Lost Sheep Coffee (Original)

Detail from the back of the Lost Sheep Coffee Pod in Saint George's Lane, Canterbury.With the demise of Water Lane Coffee, Lost Sheep Coffee takes on the mantle as the stalwart of Canterbury’s speciality coffee scene, although it’s only been in its present location, down by the bus station, and in its present guise, a neat black pod, for the last two years. Before that, it was a cart on Canterbury High Street.

There’s not a lot to Lost Sheep, just the pod, which dispenses the drinks, and a black box on wheels which acts as a table, seating provided by three wooden stools. The coffee is the real draw though, Lost Sheep offering a concise and comprehensive espresso-based menu with a choice of a house-blend and a guest.

Change is afoot though at Lost Sheep, which recently opened its new roastery. Expect the house-blend to be roasted in-house any day soon, with a different roaster guesting on each month on the second grinder.

December 2019: I’ve updated my piece on Lost Sheep Coffee. This is the original write-up, published in September 2017. For an up-to-date description, please see the updated post, while you can see what’s changed in my Coffee Spot Update.

You can read more of my thoughts after the gallery.

  • Down on St George's Lane, by Canterbury Bus Station, you will find an interesting sight.
  • Seen from the other side, there's a clue in the statue. And the A-board is a giveaway.
  • It's called 'The Lamb', by Kenny Hunter, but it also goes by the name of 'Lost Sheep'.
  • You can see why far better when approaching from the opposite direction.
  • The pod (home to Lost Sheep Coffee) and lamb together in one shot.
  • You need to go around to the other side (the lamb side) to get served though.
  • The black box is actually a table of sorts, seating provided by stools.
  • The pod itself has a very simple layout, being no more than a counter.
  • I detect a theme here!
  • Good choice of reading material!
  • The concise, comprehensive coffee menu is on the back wall.
  • To action! There's a choice of the house blend or guest espresso. I went for the guest.
  • I was impressed that Lost Sheep had proper glasses for those who were hanging around.
  • Of course, I love watching latte art being poured...
  • ... admiring the way that the barista builds up the pattern, one element at a time.
  • It's particularly impressive in a glass.
  • Almost done now.
  • And there we have it. One lovely flat white.
  • The latte art is worth a second look...
  • ... particularly since it lasted all the way to the bottom of the glass. Now that's impressive!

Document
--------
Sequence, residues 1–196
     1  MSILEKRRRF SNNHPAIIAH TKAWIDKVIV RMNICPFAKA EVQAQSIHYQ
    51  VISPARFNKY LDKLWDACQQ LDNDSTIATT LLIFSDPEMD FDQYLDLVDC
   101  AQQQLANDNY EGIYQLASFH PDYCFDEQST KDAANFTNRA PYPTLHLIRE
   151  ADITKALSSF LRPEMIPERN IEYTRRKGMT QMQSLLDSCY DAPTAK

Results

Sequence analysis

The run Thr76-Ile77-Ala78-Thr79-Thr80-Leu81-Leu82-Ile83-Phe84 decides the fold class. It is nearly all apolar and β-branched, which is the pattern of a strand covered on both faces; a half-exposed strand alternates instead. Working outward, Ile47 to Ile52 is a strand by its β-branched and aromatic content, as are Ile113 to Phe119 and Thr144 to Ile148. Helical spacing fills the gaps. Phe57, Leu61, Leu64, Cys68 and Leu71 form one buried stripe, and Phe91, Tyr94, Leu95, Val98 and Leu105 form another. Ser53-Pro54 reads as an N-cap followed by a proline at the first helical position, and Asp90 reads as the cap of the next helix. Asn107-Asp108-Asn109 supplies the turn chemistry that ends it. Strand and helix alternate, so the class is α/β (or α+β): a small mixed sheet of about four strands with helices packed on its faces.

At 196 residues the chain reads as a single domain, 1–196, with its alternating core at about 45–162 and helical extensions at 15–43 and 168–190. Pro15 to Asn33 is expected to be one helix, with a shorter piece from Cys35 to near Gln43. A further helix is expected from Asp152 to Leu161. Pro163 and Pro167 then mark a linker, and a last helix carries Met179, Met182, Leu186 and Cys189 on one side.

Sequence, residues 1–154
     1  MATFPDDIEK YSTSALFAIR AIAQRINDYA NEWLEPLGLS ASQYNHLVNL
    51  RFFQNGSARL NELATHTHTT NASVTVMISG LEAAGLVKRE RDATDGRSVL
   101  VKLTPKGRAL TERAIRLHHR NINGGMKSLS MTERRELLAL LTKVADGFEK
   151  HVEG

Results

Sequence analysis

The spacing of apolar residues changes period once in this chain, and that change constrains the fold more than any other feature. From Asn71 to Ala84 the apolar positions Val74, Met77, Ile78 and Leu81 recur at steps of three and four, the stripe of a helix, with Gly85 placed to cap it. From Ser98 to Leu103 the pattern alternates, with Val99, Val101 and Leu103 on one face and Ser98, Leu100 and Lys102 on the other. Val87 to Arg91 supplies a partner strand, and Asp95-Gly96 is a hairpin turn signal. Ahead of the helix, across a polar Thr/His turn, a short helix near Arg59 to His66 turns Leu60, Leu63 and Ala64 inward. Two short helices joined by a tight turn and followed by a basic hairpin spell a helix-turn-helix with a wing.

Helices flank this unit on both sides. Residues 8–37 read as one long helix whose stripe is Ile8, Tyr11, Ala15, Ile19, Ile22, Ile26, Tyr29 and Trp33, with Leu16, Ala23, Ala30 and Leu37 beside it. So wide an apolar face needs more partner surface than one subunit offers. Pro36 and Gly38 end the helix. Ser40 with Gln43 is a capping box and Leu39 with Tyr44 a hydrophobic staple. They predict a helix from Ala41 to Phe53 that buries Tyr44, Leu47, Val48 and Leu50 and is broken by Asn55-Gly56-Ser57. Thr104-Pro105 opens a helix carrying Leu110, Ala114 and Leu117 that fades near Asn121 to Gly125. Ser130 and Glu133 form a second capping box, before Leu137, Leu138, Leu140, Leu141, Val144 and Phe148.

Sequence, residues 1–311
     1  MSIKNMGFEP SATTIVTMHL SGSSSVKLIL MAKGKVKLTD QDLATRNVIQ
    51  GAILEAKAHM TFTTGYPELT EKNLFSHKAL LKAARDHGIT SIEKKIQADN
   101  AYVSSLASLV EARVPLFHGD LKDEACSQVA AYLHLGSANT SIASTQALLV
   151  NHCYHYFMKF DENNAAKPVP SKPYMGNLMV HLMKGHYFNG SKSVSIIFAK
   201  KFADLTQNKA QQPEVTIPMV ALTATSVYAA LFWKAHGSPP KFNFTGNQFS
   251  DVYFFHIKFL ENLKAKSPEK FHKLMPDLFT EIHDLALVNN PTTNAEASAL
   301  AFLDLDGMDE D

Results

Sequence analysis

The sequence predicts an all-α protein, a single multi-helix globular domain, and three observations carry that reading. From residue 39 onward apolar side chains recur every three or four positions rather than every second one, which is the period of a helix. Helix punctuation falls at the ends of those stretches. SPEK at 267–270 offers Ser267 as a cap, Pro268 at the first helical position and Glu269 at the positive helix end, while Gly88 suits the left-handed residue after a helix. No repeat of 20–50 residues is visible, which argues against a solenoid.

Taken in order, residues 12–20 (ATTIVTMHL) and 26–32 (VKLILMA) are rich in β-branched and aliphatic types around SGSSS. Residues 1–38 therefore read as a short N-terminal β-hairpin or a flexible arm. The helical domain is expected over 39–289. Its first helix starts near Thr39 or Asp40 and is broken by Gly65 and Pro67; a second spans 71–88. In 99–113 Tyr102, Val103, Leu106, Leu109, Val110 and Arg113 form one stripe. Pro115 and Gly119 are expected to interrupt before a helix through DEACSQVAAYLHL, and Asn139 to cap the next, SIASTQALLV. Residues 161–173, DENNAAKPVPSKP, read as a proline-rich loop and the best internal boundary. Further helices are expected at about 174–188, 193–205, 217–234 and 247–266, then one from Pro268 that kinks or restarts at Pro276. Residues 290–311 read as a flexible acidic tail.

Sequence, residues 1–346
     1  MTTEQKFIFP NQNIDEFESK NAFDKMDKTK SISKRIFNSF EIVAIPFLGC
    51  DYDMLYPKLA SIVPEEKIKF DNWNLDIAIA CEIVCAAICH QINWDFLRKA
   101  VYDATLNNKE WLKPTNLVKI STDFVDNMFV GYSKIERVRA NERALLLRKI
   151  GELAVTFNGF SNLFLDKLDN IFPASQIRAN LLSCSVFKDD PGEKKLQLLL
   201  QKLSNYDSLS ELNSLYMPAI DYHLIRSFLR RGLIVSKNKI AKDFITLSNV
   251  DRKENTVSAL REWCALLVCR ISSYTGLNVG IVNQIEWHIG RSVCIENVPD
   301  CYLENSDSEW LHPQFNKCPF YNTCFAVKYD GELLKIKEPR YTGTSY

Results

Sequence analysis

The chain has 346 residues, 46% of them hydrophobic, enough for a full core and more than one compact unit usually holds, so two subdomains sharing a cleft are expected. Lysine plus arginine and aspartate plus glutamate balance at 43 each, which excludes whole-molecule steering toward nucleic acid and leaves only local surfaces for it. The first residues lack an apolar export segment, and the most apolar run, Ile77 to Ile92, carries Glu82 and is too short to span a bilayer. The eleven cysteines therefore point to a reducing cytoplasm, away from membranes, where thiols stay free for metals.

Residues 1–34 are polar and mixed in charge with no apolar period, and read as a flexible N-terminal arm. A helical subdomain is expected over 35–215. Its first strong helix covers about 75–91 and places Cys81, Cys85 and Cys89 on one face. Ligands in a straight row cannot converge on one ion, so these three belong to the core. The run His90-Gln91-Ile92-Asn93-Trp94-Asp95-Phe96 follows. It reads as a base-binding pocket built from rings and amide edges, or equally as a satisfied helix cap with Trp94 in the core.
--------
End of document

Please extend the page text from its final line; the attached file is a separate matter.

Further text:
• I'll leave you with this: since my visit, Lost Sheep has invested in a new pod.
  • It's much bigger than the old one and very shiny! Thanks to Lost Sheep for the photos.
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Historic Canterbury, one of the UK’s most beautiful (and compact) cities, is full of gorgeous streets and amazing sights. Sadly, the modern bus station, just southwest of the historic core, is not one of them. Indeed, unless you’re catching a bus, your only reason for coming here is to visit the wonderful Lost Sheep Coffee.

Lost Sheep must be the only coffee shop in the world with its own statue across the road. That the statue was there before the coffee shop only goes to pay testament to the foresight of the city planners. We’ll gloss over the fact that the whole thing was entirely serendipitous, the staff being as surprised as anyone when they arrived for the first day of trading to find the statue staring down from its vantage point atop a sculpted tree-trunk.

Lost Sheep set up a roastery in Whitstable earlier this year which will shortly begin supplying the Canterbury Pod and Lost Sheep’s pop-up in Ashford Designer Outlet, plus whatever other little lambs may wander along (hint: watch this space). In the meantime, the house-espresso is the four-bean Caveman Blend from London’s Ground Coffee Society.

A guest espresso graces the second grinder, which, according to Mike, my barista, will continue once Lost Sheep has moved over to roasting in-house. Mike, who is responsible for sourcing the guest roasters, proudly told me that there had been 25 of them since Lost Sheep opened two years ago, although ironically, the guest when I was there came from Ground Coffee Society!

Ground also provide a Brazilian decaf (pre-ground, since there are only two grinders) while there’s tea and Kokoa Collection hot chocolate if you fancy a change. If you are hungry, you can always treat yourself to a packet of crisps, but that’s about it.

It’s usually at this point that I urge you to bring your own cup, but while Lost Sheep does a very nice line in biodegradable takeaway cups, there are also glasses and proper cups for those, like me, who are hanging around to drink their coffee. I had a lovely, smooth flat white made with the guest, a single-origin Yirgacheffe, which went very nicely in milk (which, as an aside, held the latte art to the bottom of the glass, always a good sign).

Although it’s little more than a coffee stand, there’s a great sense of community about Lost Sheep, with lots of the customers being regulars and hanging around the black box to drink their coffee. It’s also the sort of place where the other baristas come on their days off to drink coffee, Mike being joined by colleagues Tom and Phil, while boss, Stu, was off setting up the roastery.

www.lostsheepcoffee.com +44 (0) 1227 230444
Monday 07:00 – 18:00 Roaster Ground Coffee Society + Guests (espresso only)
Tuesday 07:00 – 18:00 Seating Stools
Wednesday 07:00 – 18:00 Food Crisps
Thursday 07:00 – 18:00 Service Counter
Friday 07:00 – 18:00 Payment Cash + Cards
Saturday 08:00 – 18:00 Wifi N/A
Sunday 11:00 – 16:00 Power N/A
Chain Local Visits Original: 2nd May 2017
Update: 30th November 2019